We’re regularly bombarded with news of the latest scientific research findings, and sometimes it seems like you can find a study to tell you just about anything. My concern with news reporting of research findings is that many people (including members of the media) have relatively limited research literacy. Research literacy refers to the ability to draw upon a body of knowledge about research methods in order to interpret and critically evaluate research findings. Greater research literacy means, among other things, a more effective bullshit detector.
In this post, I’ll break down some of the terminology that’s often used in research. The concepts involved are not necessarily intuitive, so building research literacy involves learning some fundamentals. The randomized, double-blinded, placebo-controlled trial is considered the “gold standard” for much medical research, and it’s useful to understand why that is.
Peer review is an important quality control step before research papers are published. Reviewers are independent of the journal the paper has been submitted to, and they remain anonymous (except to the journal editors). Peer reviewers are selected by editors because of their expertise in the field, and they will give feedback to guide the editor in making a decision about whether or not to publish a manuscript. Most often reviewers will recommend improvements be made before a paper is accepted.
The peer review process can potentially get a little shakier when it comes to “open access” journals. The articles in these journals are publicly available without a subscription, and instead, the journal’s revenue stream comes from authors, who must pay a publication fee. Some of these journals are credible and reputable, while others are predatory.
Because I’ve had work published in academic journals, my email address is out there in that world, and I regularly get emails from obscure open access journals asking me to do reviews for papers that are so completely unrelated to my research field it’s sometimes laughable. Hmmmm.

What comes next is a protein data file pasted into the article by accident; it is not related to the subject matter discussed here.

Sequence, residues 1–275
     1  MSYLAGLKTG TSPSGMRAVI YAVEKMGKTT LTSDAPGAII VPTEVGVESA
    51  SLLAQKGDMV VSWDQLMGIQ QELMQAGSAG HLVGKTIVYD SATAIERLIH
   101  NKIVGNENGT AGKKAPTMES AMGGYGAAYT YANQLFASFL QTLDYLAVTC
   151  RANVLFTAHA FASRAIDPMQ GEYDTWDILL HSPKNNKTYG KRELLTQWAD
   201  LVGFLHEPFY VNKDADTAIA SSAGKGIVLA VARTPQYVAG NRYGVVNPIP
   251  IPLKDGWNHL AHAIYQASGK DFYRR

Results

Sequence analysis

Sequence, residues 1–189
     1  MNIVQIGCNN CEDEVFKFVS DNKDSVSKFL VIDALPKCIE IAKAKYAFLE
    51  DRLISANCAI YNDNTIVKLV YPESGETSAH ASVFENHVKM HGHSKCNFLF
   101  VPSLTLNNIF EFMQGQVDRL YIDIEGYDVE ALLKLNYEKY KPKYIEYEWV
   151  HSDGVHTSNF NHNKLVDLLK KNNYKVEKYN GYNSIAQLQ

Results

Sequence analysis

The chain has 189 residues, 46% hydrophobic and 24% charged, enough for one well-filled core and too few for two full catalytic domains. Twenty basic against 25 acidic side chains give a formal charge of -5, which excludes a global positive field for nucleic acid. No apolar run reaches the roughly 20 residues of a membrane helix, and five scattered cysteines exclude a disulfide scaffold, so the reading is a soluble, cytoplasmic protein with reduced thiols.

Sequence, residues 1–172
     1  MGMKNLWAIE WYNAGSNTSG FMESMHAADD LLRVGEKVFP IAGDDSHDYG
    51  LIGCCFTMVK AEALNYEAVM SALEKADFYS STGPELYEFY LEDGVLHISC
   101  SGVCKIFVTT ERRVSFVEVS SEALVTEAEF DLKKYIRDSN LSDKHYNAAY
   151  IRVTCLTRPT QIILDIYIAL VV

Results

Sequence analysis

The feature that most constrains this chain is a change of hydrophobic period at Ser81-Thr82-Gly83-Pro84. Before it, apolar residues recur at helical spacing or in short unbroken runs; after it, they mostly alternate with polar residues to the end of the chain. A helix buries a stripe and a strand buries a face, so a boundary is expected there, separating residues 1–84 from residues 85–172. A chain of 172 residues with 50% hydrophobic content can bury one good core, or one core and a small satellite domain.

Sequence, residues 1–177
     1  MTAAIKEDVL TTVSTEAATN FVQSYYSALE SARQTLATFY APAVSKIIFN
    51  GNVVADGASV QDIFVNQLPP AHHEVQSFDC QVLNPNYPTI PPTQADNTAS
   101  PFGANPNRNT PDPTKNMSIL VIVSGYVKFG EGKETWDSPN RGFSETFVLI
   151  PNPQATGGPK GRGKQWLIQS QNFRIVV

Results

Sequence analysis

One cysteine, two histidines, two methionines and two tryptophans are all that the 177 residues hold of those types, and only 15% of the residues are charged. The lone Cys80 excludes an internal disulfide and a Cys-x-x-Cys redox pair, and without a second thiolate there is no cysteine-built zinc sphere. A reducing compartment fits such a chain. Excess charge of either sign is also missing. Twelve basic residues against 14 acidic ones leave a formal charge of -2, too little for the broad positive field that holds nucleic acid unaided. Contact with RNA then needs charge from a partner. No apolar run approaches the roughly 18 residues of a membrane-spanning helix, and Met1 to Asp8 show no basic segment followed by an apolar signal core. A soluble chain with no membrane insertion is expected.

Quantitative vs qualitative research
Quantitative research collects quantifiable data and generally uses statistical methods to analyze that data. Experiments are one type of quantitative research design, and particularly designs may be most suitable to answering particular types of research questions. Quantitative research is the basis of much of the medical knowledge that we have. However, numbers can never tell the whole story, and that’s where qualitative research comes in.
Qualitative research uses people’s stories to answer questions like what does it feel like to have mental illness, for example. I’m partial to a method called autoethnography, which is a study of the self in the context of culture. I used this in my master’s thesis to examine my own experiences of mental illness, and it’s a really exciting way for the voices of people with mental illness to be heard.
Qualitative research is often considered as producing lower strength evidence than quantitative research, but it can be an excellent way to provide richer detail of what is studied quantitatively. For example, a quantitative study might look at the effectiveness of interventions to reduce the use of seclusion and restraints in a psychiatric ICU, while a qualitative study might talk to the patients in the ICU and get their descriptions of what it felt like to experience these different types of interventions.
Elements of a clinical trial with experimental design
There are a few elements of experimental design that allow it to support cause-and-effect inferences.
There is a great deal of person-to-person variability in health status, genetics, and many other factors. By randomizing which participants are assigned to the intervention group and which are assigned to the control group, the likelihood decreases that one particular group will be stacked with people having certain characteristics. Greater homogeneity between participants receiving intervention A and those receiving intervention B improves the validity of the results obtained.
Blinding refers to who knows what intervention the patient is receiving. In a double-blinded study, neither the patient nor the investigators evaluating the outcomes know this. Blinding is considered desirable because it reduces the chance of bias in the results.
In practical terms, in a study of drug A, drug A and a placebo might be contained in identical gelatin capsules. Each participant would receive a numerically coded dose, and a member of the research team not involved in administering the drug or evaluating the participant’s response would be responsible for managing the codes. Specifics vary from study to study, but the purpose is still the same.
Let’s say you give drug A to 20 people. A month later 15 of them are doing better. That’s great, but it doesn’t tell you the extent to which drug A is or is not affecting outcomes. That’s where controls come in. A control represents a comparison group that allows researchers to make some determination of what is causing what. Using a placebo control is often the most desirable to separate out how much of the response is actually due to the drug being studied.